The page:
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[uhn-kahynd] /ʌnˈkaɪnd/
adjective, unkinder, unkindest.
lacking in kindness or mercy; severe.
Origin of unkind
Middle English word dating back to 1200-50; See origin at un-1, kind1
Related forms
unkindness, noun Unabridged
Based on the Random House Dictionary, © Random House, Inc. 2018.
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Examples from the Web for unkinder
Historical Examples
  • The most suspicions Republican could hardly have dealt an unkinder thrust.

    Stephen A. Douglas Allen Johnson
  • Everything seemed different, unfriendlier, unkinder, now that he was alone and helpless.

    The Burning Secret Stefan Zweig
  • The hardest part of my unfortunate case is this, that the unkinder you are to me the more I love you.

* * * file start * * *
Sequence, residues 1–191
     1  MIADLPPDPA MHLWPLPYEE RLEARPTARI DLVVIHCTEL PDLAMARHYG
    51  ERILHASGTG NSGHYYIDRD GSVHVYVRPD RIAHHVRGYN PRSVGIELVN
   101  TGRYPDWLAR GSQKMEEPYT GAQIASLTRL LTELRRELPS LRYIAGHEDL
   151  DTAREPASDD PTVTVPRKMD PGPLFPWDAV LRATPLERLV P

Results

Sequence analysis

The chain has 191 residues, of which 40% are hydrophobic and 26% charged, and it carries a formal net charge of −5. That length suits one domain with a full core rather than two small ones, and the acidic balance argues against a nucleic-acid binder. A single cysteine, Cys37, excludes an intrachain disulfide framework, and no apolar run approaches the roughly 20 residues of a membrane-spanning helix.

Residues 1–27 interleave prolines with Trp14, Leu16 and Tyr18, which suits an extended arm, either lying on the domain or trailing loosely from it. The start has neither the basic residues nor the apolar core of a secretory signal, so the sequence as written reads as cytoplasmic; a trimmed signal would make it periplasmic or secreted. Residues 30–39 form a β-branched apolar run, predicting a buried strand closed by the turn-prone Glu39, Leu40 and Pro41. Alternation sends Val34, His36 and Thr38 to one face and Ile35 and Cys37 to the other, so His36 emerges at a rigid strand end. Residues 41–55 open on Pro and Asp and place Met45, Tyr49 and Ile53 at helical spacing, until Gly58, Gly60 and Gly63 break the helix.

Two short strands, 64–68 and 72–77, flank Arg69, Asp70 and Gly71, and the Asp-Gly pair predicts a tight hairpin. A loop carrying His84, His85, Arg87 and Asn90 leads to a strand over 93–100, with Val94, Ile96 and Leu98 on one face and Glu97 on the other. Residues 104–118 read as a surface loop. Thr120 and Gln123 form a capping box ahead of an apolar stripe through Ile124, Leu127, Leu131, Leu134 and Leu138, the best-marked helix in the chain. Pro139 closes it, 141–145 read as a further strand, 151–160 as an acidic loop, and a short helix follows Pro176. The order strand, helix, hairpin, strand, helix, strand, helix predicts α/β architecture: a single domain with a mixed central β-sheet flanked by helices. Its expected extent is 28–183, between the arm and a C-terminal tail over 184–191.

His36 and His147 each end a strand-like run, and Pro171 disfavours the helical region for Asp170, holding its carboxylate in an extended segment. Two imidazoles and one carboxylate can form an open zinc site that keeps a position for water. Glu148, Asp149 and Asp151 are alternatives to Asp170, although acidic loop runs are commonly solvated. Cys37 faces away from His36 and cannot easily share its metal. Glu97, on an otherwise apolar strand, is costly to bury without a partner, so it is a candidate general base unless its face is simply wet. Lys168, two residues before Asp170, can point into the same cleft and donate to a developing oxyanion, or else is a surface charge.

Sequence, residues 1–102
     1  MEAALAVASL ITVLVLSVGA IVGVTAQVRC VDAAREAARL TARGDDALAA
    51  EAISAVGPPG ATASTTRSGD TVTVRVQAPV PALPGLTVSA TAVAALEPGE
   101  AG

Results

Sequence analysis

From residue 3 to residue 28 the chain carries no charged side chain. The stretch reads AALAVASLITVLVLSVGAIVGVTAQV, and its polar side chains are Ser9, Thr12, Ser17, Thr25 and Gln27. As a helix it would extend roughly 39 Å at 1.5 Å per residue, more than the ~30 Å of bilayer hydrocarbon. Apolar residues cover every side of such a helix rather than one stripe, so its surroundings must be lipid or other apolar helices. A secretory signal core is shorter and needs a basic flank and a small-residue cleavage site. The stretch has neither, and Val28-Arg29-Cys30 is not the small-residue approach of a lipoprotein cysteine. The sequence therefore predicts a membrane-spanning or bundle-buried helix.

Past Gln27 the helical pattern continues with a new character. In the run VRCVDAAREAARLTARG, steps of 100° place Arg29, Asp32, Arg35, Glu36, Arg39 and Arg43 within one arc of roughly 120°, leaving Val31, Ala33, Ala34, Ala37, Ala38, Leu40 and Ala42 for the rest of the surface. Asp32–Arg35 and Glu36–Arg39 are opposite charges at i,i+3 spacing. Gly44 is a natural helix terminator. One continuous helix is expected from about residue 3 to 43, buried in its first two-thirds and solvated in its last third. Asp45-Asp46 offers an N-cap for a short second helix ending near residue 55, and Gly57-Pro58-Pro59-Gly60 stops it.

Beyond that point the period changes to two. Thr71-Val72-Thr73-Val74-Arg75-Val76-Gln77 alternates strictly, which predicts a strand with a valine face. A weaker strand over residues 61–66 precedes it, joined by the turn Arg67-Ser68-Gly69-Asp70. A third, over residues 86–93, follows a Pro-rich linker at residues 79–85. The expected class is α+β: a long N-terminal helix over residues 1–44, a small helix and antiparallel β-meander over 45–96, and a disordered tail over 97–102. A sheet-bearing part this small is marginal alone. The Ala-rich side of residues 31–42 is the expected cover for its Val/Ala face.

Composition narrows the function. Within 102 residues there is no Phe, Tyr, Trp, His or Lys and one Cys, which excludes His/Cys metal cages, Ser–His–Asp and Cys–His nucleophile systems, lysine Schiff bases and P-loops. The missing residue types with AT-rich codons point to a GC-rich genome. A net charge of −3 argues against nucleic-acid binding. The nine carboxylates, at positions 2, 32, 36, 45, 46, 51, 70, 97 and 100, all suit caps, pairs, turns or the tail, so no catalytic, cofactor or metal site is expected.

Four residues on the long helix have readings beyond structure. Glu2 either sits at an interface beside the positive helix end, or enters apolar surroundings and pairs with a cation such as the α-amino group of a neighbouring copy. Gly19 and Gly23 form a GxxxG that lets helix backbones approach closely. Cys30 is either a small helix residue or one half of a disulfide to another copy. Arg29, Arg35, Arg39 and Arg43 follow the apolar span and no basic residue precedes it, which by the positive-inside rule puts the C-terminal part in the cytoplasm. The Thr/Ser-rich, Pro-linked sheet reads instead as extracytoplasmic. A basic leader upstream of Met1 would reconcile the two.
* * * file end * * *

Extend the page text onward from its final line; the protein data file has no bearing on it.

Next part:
Airy Fairy Lilian Margaret Wolfe Hamilton (AKA Duchess)
  • Houses were always being taken in that paradise by wealthy persons from unkinder climates.

    Christopher and Columbus

    Countess Elizabeth Von Arnim
  • The unkinder wits of the neighbourhood had been known to suggest that the first letter of its name was superfluous.

  • Roger is very unkind: but floods and falling houses are unkinder still.

    The Settlers at Home Harriet Martineau
British Dictionary definitions for unkinder


lacking kindness; unsympathetic or cruel
(archaic or dialect)
  1. (of weather) unpleasant
  2. (of soil) hard to cultivate
Derived Forms
unkindly, adverb
unkindness, noun
Collins English Dictionary - Complete & Unabridged 2012 Digital Edition
© William Collins Sons & Co. Ltd. 1979, 1986 © HarperCollins
Publishers 1998, 2000, 2003, 2005, 2006, 2007, 2009, 2012
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Word Origin and History for unkinder



early 13c. (implied in unkindly), "strange, foreign, unnatural," from un- (1) "not" + kind (adj.). Meaning "lacking in kindness" is recorded from mid-14c. Related: Unkindly; unkindness.

Online Etymology Dictionary, © 2010 Douglas Harper
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